Saturday, December 29, 2012

Most people tend to think of London as being an ancient city full of history.  Surprisingly, most of London is not really that old.  Little remains from the Roman era, and a series of disasters (the Great Fire of 1666, German bombing during WWII, misguided attempts at modernization) has removed many of the landmarks and buildings that would have been familiar to London residents over the previous centuries.  Lost London: An A-Z of Forgotten Landmarks and Lost Traditions by Richard Guard singles out some notable nearly forgotten aspects of London that have been lost to the march of time.

There are buildings which have been lost, but also occupations, among them Crossing Sweepers, Death Hunters (early sensationalist journalists) and Dog Finders (although I have a feeling "dog-napping" might still be a lucrative, if not very popular, occupation!).  The Frost Fairs, held on the ice on the rare occasions when the River Thames froze over, are also mentioned, along with the years, starting in 1150, when they were held. 

Some of the lost things are not missed, such as plague pits.  It was interesting to read that still today when new construction is begun, excavations frequently turn up large numbers of human bones.  Must make the life of the London construction worker a bit more lively than those who work elsewhere!  The old horrific Fleet Prison, so vividly described by Charles Dickens, is also better off being relegated to the pages of history, as is the appropriately named Execution Dock.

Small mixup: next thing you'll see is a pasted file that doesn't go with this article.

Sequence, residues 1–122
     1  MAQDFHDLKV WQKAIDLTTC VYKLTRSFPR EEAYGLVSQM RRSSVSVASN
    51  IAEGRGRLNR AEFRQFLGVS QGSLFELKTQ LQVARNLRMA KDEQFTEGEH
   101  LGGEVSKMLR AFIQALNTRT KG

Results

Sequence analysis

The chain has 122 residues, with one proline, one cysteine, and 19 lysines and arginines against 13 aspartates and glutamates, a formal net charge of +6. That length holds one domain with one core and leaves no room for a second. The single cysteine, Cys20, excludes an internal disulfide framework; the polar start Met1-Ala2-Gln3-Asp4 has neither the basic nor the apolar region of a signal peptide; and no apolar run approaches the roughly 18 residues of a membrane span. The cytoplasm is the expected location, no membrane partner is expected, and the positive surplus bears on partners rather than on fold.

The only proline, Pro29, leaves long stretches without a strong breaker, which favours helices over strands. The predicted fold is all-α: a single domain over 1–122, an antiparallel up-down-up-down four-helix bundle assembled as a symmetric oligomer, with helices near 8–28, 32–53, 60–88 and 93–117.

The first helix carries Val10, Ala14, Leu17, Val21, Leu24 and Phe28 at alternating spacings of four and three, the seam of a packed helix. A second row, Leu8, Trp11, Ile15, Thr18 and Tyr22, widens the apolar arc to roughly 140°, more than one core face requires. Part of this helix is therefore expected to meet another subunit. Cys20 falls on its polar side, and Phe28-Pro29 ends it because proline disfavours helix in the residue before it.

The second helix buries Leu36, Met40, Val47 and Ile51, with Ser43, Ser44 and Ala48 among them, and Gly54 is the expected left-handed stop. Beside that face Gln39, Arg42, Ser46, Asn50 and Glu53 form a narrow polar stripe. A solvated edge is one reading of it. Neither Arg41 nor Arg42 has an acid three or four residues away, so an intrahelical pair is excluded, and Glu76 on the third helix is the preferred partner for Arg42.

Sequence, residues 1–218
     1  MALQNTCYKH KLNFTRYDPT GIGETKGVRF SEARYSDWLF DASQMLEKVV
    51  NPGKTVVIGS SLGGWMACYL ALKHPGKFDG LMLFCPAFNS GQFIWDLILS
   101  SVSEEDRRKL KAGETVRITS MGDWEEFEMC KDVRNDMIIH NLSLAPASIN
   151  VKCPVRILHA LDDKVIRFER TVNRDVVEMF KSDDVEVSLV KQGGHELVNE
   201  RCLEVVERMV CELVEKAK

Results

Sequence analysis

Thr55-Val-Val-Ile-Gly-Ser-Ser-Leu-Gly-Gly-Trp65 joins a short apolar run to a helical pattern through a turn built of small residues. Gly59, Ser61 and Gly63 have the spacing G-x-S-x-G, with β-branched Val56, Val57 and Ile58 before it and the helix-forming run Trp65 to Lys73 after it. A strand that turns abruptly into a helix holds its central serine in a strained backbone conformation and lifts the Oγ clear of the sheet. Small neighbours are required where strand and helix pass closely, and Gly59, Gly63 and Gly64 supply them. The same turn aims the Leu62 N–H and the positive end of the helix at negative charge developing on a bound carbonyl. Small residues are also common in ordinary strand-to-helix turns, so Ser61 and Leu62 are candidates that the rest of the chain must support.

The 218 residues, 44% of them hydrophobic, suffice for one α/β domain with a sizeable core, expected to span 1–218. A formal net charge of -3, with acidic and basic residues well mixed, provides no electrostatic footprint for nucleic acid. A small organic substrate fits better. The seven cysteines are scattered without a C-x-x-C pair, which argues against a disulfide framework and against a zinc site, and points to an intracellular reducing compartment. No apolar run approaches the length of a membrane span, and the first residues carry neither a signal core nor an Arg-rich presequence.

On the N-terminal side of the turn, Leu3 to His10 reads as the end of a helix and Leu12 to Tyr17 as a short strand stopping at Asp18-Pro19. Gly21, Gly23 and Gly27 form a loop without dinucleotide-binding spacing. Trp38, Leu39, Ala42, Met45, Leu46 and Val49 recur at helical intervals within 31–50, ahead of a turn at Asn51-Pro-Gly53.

I would have liked to have seen some of the locations built strictly for entertainment, though.  The Colosseum in Regents Park, described as having a dome larger than that of St. Paul's Cathedral, must have been a sight to see.

The book is packed with many interesting facts and contains many beautiful black and white drawings which help to give the book a feeling of historical charm.  All in all, this book gives the reader an appreciation of the older parts of London that managed to survive at all!

Disclaimer: I received a free copy of Lost London from the publisher in exchange for this review.

Final Verdict for Lost London Four Gherkins, for being a fascinating look at a vanished past


About Me

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I'm a librarian who is interested in all things British. I try to visit London as often as possible, and am always planning my next trip. I lived in Sweden for a few years with my Swedish husband, so the occasional Swedish reference may occur . . .

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The Gherkin Scale

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